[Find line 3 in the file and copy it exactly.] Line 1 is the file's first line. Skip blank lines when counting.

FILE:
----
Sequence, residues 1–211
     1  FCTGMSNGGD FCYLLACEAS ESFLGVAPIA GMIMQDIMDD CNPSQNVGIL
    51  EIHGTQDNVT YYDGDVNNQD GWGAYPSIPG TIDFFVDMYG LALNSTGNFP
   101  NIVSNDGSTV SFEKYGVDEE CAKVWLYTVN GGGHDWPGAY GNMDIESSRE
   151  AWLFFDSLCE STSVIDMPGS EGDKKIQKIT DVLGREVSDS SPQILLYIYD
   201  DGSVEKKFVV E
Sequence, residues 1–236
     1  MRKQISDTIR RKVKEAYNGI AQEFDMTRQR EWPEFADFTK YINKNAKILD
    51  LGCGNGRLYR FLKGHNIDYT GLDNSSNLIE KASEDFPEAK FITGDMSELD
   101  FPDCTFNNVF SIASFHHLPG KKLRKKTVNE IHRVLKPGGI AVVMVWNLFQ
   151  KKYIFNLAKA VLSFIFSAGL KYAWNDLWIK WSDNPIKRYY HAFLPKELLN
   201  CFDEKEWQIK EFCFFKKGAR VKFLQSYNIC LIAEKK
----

    51  EIHGTQDNVT YYDGDVNNQD GWGAYPSIPG TIDFFVDMYG LALNSTGNFP